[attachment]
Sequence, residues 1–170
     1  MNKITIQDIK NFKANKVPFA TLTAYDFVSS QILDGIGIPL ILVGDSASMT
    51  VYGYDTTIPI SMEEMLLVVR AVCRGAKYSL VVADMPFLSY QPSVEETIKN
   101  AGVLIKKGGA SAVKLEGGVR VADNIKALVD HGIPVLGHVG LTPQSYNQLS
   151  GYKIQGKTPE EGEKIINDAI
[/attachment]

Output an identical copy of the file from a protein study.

Sequence, residues 1–170
     1  MNKITIQDIK NFKANKVPFA TLTAYDFVSS QILDGIGIPL ILVGDSASMT
    51  VYGYDTTIPI SMEEMLLVVR AVCRGAKYSL VVADMPFLSY QPSVEETIKN
   101  AGVLIKKGGA SAVKLEGGVR VADNIKALVD HGIPVLGHVG LTPQSYNQLS
   151  GYKIQGKTPE EGEKIINDAI